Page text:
The results — what I’d describe as a modest amount of mucking about, none of it hugely significant — are less interesting than what happened once Singer-Vine contacted Politico about the changes. It seems that the moment Politico’s editors realized that Slate was calling them on this practice, they scrambled to come clean. Most of the stories cited in Singer-Vine’s study now sport notices from Politico explaining that they’ve been changed. Singer-Vine, in turn, had to add a bunch of corrections to his own copy, since he’d originally took Politico to task for failing to come clean.
Slate — unlike Politico, whose editor apparently doesn’t believe in the value of an explicit correction policy — has long had forthright corrections practices; I think of it as one of the good guys in this realm. But in the course of making multiple small corrections to Singer-Vine’s piece, the magazine has now admitted that “we do not notify readers about minor corrections that we ourselves catch within 24 hours of publication.” Which I think means that Slate changes stories after they’re published without notifying readers — exactly what it is accusing Politico of.
Most editors will correctly argue that the average reader doesn’t want to know every time they fix a typo. On the other hand, editors can never know when a change they consider insubstantial — like Politico’s removal of the line about beat reporters — might seem underhanded to someone.
In sum: The Web lets us correct and update at will; it also insures that readers will question any change that isn’t acknowledged. But acknowledging every little change can lead to grotesque results. Singer-Vine’s piece illustrates this nicely. It is now striped with rows of correction notices, like the fat marbling a steak, and contains Escher-like sentences like this: “A previous version of this article also incorrectly stated that Politico had originally incorrectly stated that Howard Kurtz published the first report of sexual-harassment allegations against Al Gore.”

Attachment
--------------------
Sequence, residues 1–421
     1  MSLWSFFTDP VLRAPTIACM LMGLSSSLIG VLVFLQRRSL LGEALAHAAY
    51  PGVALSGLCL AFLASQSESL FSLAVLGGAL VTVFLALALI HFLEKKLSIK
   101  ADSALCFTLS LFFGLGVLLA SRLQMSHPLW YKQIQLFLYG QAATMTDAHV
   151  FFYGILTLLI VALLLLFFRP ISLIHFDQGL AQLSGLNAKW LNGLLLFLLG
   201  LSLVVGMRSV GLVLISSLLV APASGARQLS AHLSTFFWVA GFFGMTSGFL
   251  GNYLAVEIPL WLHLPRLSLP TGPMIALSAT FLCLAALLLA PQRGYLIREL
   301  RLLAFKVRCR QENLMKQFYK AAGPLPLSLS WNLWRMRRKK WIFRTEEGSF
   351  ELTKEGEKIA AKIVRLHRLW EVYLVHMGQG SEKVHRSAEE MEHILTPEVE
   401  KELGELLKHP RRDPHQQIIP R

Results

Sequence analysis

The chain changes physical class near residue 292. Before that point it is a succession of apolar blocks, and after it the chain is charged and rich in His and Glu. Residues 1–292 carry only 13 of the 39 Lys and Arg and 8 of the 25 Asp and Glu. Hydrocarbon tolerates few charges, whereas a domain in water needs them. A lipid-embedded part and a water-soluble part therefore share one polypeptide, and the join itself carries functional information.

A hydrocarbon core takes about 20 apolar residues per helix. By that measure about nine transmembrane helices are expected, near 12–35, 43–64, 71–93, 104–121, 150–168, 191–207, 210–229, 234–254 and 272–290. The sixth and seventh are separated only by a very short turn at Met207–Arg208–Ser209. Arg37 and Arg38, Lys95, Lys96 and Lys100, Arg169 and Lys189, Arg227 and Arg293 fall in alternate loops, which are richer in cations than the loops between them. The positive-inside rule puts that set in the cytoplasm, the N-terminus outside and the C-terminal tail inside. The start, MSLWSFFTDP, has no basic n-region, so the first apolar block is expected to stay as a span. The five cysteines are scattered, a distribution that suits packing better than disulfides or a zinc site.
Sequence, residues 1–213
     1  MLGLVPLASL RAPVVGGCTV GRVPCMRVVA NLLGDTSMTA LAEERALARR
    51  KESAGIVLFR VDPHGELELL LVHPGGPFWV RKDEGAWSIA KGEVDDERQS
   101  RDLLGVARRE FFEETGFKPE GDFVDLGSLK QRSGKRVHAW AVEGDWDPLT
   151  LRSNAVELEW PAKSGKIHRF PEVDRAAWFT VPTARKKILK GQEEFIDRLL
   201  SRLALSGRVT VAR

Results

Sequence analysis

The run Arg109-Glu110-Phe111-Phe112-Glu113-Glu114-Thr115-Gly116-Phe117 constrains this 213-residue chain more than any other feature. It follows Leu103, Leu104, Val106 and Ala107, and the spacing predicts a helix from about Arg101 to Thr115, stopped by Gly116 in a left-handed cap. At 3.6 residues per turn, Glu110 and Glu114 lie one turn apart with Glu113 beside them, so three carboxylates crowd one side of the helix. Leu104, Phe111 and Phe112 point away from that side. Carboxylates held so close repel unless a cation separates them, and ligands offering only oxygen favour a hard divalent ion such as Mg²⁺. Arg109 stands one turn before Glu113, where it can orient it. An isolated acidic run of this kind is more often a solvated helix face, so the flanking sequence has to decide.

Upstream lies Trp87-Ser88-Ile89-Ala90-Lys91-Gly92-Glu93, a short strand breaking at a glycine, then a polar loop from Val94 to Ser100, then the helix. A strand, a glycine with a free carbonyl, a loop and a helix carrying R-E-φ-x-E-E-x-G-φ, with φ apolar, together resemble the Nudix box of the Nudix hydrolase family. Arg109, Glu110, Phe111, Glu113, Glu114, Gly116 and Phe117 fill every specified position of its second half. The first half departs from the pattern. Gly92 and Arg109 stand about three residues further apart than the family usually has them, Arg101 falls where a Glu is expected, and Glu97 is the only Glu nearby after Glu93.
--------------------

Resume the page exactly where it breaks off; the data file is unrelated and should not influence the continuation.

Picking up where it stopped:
Something definitely went amiss with Slate’s little experiment — but the project also points the way out of this mess. What Singer-Vine’s script did to Politico’s stories was what every software project does as its developers write code: it built an archive of successive versions of a text, with changes — “diffs” — noted from one to the next. This is called versioning. Most software developers use it continuously in all their work. Versioning is common in the culture of computing because it’s the sort of thing computers do cheaply and well. You can see it at work on the “view history” tab of every page in Wikipedia.
Why not adopt this technique for every story we publish? Let readers see the older versions of stories. Let them see the diffs. Toss no text down the memory hole, and trigger no Orwell alarms.
Versioning should be the model for how we present the evolution of news stories on the Web. In fact, it makes so much sense that, even though right now no one is using it, I’m convinced it will become the norm over the next decade.
Today it might seem like overkill, but that’s how all new Web phenomena present themselves to us. It might sound like a lot of work, but once it’s incorporated into a newsroom’s content management software, it’s probably going to save time presently wasted on posting jerry-rigged correction notices. It can be presented unobtrusively, so that the vast majority of readers who don’t care will never need to see it — but the bloggers, pundits and critics who do care can feast. (Blog software could do this too: WordPress already stores each revision of a post as a separate version; someone could write a plugin that lets visitors access all versions of any post that have been created since its first publication.)
In software development, versioning is most useful as a practical tool for “rolling back” to an earlier version of code after some new addition has gone awry. In journalism, versioning can be valuable as a foundation for trust. It’s a smart way to solve the dilemma that Politico and Slate and everyone else faces in trying to keep information up to date and correct small errors without seeming to be playing fast and loose with the public record.
Public versioning for every news story: it’s time! Otherwise, we’re going to be wasting a lot of time struggling to pinion dynamic information on static pages, and accusing one another of tampering with history.
LINK UPDATE: Regret the Error’s Craig Silverman takes Politico to task for its editor’s casual dismissal of the value of a “black and white policy” on corrections. He also points to an example of a journalist who’s using versioning right now. — although from what I can see, the example, David McCandless, is labeling his work by version number but not exposing previous versions.